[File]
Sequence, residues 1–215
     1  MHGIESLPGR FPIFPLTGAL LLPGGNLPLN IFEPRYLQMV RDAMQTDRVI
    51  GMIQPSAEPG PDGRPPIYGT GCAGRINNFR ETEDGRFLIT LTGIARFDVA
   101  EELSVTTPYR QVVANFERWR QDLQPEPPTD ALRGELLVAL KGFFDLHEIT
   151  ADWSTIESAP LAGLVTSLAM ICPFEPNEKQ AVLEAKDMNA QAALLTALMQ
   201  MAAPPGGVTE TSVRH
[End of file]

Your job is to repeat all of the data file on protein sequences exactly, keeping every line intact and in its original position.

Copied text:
Sequence, residues 1–215
     1  MHGIESLPGR FPIFPLTGAL LLPGGNLPLN IFEPRYLQMV RDAMQTDRVI
    51  GMIQPSAEPG PDGRPPIYGT GCAGRINNFR ETEDGRFLIT LTGIARFDVA
   101  EELSVTTPYR QVVANFERWR QDLQPEPPTD ALRGELLVAL KGFFDLHEIT
   151  ADWSTIESAP LAGLVTSLAM ICPFEPNEKQ AVLEAKDMNA QAALLTALMQ
   201  MAAPPGGVTE TSVRH